Indian services industry lost some steam in November

·2 min read
Outbreak of coronavirus disease (COVID-19) on the outskirts of Kolkata

BENGALURU (Reuters) - Growth in India's dominant services industry lost some momentum in November as demand weakened, a private survey showed on Thursday, clouding hopes of a quick economic recovery from the COVID-19 pandemic's blow.

Asia's third-largest economy, which fell into recession last quarter for the first time since at least 2012, is expected to recover only modestly early next year and won't reach pre-COVID-19 levels any time soon.

The Nikkei/IHS Markit Services Purchasing Managers' Index dipped to 53.7 in November from October's 54.1 but still held well above the 50-mark separating growth from contraction for a second month.

India's manufacturing recovery also faltered last month as coronavirus fears weighed on demand and output.

"Output and sales across the private sector have held up well, but there were some signs of growth losing momentum among goods producers and service providers," Pollyanna De Lima, economics associate director at IHS Markit, said in a release.

"Growth constraints, travel restrictions and low footfall as consumers opt to stay home and avoid catching the disease remained key themes of the services PMI."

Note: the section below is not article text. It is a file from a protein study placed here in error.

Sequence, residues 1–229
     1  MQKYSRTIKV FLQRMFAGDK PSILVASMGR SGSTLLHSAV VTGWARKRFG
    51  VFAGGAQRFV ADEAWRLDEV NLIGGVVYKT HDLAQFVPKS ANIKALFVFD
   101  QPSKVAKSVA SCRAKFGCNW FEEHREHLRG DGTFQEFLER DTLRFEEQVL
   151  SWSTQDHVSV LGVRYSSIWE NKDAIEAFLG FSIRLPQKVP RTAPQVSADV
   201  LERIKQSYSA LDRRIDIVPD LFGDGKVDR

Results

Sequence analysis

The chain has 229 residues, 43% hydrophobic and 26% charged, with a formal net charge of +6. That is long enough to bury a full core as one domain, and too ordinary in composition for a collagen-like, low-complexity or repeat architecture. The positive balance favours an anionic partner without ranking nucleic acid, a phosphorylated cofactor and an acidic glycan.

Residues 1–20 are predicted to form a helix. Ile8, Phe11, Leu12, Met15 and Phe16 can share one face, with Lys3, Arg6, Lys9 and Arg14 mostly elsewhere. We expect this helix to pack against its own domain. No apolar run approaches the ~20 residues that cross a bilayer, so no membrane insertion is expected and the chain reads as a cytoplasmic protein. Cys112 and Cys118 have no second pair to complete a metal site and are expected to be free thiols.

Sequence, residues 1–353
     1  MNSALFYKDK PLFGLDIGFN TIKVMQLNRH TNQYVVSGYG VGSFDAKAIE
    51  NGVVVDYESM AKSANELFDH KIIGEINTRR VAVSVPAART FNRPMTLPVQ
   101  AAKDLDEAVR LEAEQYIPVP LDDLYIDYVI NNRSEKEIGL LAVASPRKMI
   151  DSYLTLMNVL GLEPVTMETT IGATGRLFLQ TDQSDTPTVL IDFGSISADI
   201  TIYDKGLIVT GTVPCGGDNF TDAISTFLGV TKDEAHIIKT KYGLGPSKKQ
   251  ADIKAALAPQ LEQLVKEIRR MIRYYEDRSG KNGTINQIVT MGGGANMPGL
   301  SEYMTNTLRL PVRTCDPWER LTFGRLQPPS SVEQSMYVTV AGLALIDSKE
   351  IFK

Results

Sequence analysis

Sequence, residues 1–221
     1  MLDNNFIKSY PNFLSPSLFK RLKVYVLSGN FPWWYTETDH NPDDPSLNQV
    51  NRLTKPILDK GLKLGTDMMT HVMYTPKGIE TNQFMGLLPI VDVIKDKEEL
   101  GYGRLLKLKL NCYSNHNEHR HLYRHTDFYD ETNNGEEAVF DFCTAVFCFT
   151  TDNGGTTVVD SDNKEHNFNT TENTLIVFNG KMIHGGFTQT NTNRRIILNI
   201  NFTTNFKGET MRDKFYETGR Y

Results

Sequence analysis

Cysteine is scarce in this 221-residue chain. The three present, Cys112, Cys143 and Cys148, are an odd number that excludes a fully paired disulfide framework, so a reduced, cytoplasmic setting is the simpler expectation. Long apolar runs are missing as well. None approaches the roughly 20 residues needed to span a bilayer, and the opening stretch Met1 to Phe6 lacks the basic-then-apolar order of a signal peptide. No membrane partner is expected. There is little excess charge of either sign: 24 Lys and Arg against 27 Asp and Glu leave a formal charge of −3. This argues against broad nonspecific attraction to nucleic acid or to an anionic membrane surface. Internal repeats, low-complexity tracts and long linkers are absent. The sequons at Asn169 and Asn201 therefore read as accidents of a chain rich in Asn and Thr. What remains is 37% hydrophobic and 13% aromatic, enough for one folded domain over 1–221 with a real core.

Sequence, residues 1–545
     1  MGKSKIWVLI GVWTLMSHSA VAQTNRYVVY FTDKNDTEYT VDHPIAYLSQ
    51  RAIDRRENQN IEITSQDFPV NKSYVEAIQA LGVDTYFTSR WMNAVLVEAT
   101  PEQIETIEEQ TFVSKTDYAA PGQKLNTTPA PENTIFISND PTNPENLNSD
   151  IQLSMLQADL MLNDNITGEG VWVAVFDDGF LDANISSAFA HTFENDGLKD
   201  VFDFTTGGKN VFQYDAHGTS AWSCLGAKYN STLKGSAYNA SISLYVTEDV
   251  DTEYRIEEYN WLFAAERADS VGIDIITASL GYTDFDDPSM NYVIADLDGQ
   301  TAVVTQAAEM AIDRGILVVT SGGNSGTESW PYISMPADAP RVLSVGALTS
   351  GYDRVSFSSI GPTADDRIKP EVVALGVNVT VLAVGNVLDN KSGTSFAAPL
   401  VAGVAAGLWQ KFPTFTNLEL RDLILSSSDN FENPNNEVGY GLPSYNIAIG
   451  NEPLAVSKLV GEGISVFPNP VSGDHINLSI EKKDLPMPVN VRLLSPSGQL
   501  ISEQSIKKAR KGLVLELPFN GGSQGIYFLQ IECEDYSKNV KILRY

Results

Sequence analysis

A composite PMI, which includes both manufacturing and services, fell to 56.3 last month from October's 58.0, and while a sub-index tracking overall demand for services was above 50 for a second month the pace of expansion softened from October.

Demand from abroad remained firmly in contraction territory as many countries reimposed lockdown measures to contain a fresh spike in COVID-19 cases.

Still, services firms were far more optimistic about the year ahead - largely on hopes a vaccine for COVID-19 would be rolled out and market conditions would normalise - and businesses ended an eight-month streak of job shedding.

However, both input costs and prices charged rose in November, suggesting the economy is struggling to climb out of a period of low growth and high inflation.

"Low interest rates aimed at mitigating the negative impacts of COVID-19 on the economy and the latest rise in services employment are supportive factors for domestic demand. However, a pick-up in inflationary pressures could threaten the recovery," De Lima added.

(Reporting by Vivek Mishra; Editing by Kim Coghill)